Camille’s death episode, titled “Murder within the Rue Morgue,” is nearly directly based on Poe’s 1841 short story, “The Murders within the Rue Morgue.” Camille gets her name from one in all the 2 women who die in Poe’s original story, and just like the story’s detective, Camille decides to research Victorine’s unethical experiments for her personal amusement. In each tales, Camille dies brutally by the hands of a primate, although the lab and experimentation bit is exclusive to the Netflix series.
Napoleon “Leo” Usher
Episode 4 relies on Poe’s 1843 short story, “The Black Cat,” during which an unnamed narrator loves pets until he perversely starts abusing them. In each the story and the series, the primary character descends into madness due to substance and alcohol abuse. After a bender, the protagonist worries about what they’ve done to their cat. In the series, Leo’s boyfriend’s cat is dead within the morning, so Leo does what he can to interchange the cat without his boyfriend noticing the difference.
In the story, the narrator is already driven to madness when he hangs his cat with a noose, but decides to interchange the cat after this. In each instances, the alternative cat drives the protagonist to true madness. Leo gauges out the cat’s eyes, similar to the narrator did to his first cat, and the cats live within the partitions. In the tip, Leo dies by attacking the cat and going over the balcony, however the theme of being driven to madness by guilt in each stories is identical.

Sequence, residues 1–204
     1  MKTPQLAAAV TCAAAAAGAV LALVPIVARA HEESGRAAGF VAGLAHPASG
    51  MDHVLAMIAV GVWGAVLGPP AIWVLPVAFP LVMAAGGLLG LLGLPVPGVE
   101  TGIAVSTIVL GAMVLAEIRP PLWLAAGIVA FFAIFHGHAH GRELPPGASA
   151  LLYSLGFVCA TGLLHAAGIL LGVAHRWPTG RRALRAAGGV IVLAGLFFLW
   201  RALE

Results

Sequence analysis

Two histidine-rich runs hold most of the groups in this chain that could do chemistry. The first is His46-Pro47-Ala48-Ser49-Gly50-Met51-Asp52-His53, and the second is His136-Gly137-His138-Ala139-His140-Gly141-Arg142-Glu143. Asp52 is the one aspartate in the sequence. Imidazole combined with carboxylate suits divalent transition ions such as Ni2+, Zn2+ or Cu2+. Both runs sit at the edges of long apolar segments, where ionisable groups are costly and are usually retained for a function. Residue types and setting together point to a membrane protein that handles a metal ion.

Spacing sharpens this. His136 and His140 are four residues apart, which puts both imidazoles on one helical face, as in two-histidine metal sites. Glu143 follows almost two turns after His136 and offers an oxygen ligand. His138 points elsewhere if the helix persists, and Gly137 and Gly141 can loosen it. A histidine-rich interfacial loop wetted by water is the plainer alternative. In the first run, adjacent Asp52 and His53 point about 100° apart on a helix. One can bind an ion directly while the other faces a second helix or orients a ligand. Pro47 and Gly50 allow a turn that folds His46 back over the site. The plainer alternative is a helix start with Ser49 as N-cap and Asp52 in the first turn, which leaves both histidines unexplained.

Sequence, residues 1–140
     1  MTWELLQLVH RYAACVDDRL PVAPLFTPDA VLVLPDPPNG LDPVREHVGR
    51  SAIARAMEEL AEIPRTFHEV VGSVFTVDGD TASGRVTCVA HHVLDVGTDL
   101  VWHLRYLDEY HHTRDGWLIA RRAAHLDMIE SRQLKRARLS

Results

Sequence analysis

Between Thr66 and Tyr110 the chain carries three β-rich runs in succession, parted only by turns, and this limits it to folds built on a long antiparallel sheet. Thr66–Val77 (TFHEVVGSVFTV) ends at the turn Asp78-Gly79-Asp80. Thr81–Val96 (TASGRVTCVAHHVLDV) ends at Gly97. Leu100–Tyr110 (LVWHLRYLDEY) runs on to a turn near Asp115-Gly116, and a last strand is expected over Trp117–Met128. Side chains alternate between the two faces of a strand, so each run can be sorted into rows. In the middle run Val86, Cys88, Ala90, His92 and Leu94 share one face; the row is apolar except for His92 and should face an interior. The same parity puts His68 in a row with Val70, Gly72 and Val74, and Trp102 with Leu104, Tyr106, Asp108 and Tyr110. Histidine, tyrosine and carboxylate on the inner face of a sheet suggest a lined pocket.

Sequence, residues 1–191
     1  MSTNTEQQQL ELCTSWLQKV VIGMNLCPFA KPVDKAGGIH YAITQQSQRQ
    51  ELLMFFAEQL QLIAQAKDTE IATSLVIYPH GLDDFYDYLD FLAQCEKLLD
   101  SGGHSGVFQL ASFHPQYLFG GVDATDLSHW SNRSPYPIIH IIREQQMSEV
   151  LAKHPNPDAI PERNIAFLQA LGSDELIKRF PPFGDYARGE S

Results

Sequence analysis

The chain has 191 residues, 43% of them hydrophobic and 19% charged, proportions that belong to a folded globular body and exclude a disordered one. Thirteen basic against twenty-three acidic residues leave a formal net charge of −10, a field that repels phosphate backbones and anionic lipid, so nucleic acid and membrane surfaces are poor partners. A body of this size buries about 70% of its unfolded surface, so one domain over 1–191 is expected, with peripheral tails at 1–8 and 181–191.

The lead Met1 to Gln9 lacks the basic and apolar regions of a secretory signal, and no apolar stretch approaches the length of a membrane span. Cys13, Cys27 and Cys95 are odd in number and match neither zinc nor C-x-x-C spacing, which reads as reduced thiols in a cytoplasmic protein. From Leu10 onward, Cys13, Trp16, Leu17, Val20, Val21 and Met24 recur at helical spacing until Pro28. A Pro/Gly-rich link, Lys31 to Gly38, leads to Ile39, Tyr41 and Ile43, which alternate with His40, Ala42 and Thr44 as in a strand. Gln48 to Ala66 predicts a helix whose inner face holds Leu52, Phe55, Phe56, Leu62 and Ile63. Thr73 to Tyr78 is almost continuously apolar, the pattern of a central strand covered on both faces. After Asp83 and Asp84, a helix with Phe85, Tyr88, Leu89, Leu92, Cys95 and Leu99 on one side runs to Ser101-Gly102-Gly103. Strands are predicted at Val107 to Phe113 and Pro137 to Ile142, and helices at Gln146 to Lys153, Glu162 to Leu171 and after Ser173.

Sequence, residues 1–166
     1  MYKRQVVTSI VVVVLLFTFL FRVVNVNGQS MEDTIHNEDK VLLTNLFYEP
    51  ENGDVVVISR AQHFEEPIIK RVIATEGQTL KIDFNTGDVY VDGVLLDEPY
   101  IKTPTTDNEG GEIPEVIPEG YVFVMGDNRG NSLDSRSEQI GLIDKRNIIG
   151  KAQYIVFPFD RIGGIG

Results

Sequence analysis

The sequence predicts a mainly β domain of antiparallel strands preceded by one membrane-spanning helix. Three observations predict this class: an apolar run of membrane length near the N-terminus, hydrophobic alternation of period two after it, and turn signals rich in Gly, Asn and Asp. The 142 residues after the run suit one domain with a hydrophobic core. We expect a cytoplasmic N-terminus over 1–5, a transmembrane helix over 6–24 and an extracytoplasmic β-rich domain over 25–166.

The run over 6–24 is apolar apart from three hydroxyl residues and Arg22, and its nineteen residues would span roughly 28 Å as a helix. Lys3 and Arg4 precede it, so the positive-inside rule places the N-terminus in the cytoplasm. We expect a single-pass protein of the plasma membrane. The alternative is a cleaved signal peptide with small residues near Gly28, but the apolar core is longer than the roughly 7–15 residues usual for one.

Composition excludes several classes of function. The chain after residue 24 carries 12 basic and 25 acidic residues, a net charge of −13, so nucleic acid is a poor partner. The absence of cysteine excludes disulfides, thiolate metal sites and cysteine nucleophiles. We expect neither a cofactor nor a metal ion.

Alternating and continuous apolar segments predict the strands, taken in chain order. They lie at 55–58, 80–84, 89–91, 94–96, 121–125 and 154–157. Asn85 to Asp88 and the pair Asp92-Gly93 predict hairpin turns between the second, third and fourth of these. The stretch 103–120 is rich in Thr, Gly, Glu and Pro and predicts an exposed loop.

While Victorine gets her name from a personality in “The Premature Burial,” her fatal episode is named “The Tell-Tale Heart,” based on the 1843 story of the identical name. In each stories, the protagonists are playing up their sanity after murdering someone they love very much. In the unique story, the narrator dismembers their victim and hides them within the floorboards. When they begin hearing sounds, they imagine it’s the beating heart of their victim.
This mirrors Vic’s story, when she hears the sound of the synthetic heart she put in her girlfriend’s corpse. This also differs from its origin story in that as an alternative of dismembering her girlfriend’s body, she keeps the corpse propped up in an empty room. In the story, the narrator’s guilt leads them to admit, while within the series, Vic’s guilt and desire to succeed leads her to stab herself within the chest.